Fun Times at the Osaka Lindy Exchange

 Photo by Hideaki Okamatsu

Photo by Hideaki Okamatsu

Editor’s Note: We asked Bay Area dancer Tracy Lee to write up her experiences as a Japanese-American going to her first lindy event in Japan. Here’s what she shared.

When I first impulsively bought my ticket to the Osaka Lindy Exchange, which took place from October 19 to October 21, I didn’t know what to expect. The one thing I personally knew about Osaka was that the people tend to be very warm and open. So I asked around my local scene in the Bay Area about what Osakan dancers were like. People told me that the scene is relatively small, but they make up for it by partying hard. Sounded intriguing!

The event was larger than I expected. There were a couple hundred people in attendance hailing from different parts of Japan, Korea, Taiwan, and Hong Kong. There were a good handful of Europeans and Americans visiting as well. Unexpectedly, I was not the only person from the Bay Area there; two other dancers from my scene ended up at the same event completely by chance.

The number of people there was especially felt in the smaller bar venues we were at for the Friday main dance and the Saturday Late Night. I had a conversation about it with the organizer of the fledgling scene in Kobe (a city just outside Osaka) and he informed me that venue space was one of the key struggles they faced. Cities in Japan are dense, and large dance floors are hard to come by.

 Photo by Hideaki Okamatsu

Photo by Hideaki Okamatsu

Despite the number of people who were there, I was struck by how personal the event felt. I’ve attended both small and mid-sized workshop weekends, but the Osaka Lindy Exchange might have been the most intimate dance weekend I’ve experienced to date. Dancers participated in the music, band members joined in the dancing, and the instructors were so accessible that Moe Sakan’s father even made a guest appearance one night. It was a stark difference from some of the events I’ve been to stateside, where dancers tend not to interact much with the musicians and people self-stratify by experience or skill level.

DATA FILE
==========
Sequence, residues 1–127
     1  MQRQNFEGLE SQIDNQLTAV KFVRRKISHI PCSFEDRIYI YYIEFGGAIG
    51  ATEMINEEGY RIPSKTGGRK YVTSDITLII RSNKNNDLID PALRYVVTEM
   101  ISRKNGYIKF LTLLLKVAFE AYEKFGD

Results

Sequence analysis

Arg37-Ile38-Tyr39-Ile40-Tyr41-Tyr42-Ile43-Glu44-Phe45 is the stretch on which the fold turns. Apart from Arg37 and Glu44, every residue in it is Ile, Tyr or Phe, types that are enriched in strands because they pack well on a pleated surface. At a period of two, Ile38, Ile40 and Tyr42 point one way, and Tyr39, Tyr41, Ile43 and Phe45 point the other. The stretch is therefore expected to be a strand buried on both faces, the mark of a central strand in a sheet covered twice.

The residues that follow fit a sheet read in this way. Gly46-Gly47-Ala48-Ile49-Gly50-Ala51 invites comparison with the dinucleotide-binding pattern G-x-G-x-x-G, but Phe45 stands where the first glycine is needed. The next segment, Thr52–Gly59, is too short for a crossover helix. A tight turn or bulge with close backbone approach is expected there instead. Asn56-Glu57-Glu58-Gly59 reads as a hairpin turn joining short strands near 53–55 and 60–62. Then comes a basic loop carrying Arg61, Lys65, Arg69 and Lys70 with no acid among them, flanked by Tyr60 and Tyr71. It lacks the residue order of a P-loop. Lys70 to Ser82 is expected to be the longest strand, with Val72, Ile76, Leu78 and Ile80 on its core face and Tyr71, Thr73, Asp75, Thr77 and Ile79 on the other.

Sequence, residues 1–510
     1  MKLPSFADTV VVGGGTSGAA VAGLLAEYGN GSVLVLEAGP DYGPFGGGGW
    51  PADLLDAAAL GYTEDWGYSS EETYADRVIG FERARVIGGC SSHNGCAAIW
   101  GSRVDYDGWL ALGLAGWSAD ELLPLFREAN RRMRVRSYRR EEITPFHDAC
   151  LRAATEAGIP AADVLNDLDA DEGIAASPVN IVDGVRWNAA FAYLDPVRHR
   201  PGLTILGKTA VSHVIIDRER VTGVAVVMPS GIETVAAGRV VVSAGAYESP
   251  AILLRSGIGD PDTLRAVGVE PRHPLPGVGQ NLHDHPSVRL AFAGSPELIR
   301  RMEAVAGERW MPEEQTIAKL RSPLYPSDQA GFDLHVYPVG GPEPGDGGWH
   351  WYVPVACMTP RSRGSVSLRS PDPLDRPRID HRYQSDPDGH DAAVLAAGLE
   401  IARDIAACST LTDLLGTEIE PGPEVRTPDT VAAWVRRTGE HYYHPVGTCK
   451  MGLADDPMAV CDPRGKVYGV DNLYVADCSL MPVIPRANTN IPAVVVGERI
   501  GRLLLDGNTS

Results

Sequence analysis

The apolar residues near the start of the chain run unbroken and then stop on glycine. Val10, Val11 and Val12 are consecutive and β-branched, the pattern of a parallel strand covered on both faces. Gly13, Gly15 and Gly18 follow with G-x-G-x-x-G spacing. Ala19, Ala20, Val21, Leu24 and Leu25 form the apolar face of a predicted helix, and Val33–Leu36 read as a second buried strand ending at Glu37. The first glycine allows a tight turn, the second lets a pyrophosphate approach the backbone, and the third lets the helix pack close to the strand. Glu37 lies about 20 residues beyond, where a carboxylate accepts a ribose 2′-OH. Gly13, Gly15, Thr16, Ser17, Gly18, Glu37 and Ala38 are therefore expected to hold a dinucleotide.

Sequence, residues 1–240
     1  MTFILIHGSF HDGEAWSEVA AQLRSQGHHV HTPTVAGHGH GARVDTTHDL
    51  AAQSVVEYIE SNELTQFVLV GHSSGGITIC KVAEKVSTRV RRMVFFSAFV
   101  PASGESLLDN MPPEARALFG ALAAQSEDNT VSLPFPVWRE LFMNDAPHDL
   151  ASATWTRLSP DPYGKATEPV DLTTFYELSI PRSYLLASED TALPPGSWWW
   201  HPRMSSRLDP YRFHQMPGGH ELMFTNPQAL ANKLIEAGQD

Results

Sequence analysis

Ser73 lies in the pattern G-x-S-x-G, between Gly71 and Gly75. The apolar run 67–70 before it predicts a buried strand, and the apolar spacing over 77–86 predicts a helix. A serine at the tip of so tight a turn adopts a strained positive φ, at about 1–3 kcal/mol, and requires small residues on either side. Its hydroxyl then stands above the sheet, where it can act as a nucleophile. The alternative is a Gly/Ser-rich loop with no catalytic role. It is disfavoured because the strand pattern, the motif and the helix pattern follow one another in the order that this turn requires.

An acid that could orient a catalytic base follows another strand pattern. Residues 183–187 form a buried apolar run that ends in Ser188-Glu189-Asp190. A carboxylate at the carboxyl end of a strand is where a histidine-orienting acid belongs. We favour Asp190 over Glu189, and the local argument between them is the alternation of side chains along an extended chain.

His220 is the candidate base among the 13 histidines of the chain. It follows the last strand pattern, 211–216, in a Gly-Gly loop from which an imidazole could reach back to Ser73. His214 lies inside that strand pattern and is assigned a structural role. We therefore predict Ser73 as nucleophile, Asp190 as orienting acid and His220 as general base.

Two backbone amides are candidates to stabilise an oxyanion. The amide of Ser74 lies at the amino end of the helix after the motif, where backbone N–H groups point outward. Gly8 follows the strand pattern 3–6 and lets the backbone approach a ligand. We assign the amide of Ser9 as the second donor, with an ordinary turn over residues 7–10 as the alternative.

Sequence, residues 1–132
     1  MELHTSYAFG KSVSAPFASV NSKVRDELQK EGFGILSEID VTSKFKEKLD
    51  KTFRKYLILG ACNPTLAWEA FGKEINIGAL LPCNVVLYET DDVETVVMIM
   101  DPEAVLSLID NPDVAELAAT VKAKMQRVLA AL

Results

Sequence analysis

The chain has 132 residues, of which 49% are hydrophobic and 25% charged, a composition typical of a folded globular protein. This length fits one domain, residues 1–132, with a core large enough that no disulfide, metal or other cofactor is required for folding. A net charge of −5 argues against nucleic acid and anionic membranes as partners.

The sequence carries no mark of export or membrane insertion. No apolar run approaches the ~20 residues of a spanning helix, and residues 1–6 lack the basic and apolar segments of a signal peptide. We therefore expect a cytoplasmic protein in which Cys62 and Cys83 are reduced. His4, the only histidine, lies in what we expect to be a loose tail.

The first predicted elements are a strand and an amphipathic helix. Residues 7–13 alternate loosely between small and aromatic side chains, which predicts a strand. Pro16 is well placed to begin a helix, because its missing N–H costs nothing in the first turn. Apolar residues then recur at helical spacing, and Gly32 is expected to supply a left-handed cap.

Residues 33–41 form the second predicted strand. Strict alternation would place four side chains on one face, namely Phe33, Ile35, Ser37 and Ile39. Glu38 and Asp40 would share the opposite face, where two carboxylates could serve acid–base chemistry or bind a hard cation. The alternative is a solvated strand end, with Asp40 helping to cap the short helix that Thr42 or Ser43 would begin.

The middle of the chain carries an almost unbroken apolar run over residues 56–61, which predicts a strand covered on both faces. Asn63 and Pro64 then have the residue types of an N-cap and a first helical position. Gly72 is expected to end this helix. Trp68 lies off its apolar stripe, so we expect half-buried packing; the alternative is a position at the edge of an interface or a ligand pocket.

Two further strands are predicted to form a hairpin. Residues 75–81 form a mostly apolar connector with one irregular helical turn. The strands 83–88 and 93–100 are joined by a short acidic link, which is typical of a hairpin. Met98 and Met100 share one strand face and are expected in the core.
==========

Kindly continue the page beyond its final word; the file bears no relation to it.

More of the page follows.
Vincenzo Fesi and Moe Sakan by Hideaki Okamatsu

Vincenzo Fesi and Moe Sakan by Hideaki Okamatsu

My friends back home were correct about how hard Osakans party. At the Saturday Late Night, the dance floor was still packed and going strong at 4:30am.

 Photo by   Hideaki Okamatsu

Overall, the event was a very special experience. Events all over Japan have been dedicating this year for the 20th anniversary of Frankie’s first visit to Japan and the founding of the first Japanese lindy hop organization in Tokyo, and it contributed a lot to the energy on the dance floors. I felt such a pure wealth of heart and lindy spirit that I’m surprised there isn’t more of a spotlight outside Asia on the talent and passion Japanese dancers and dance bands possess. Undoubtedly, there’s an information gap—I had to break the news to a DJ from Tokyo I befriended that SFLX hasn’t been held for the past four years, for example—but I see our communities potentially growing closer if we open more avenues of communication with each other.

 Eiji Nishida and Mariko Okamoto by Hideaki Okamatsu

Eiji Nishida and Mariko Okamoto by Hideaki Okamatsu

So, if you’re planning on being in Japan soon, visit one of the local venues! You can learn more on the Japanese Swing Dance Association’s national directory, which has information about the regional scenes in both Japanese and English.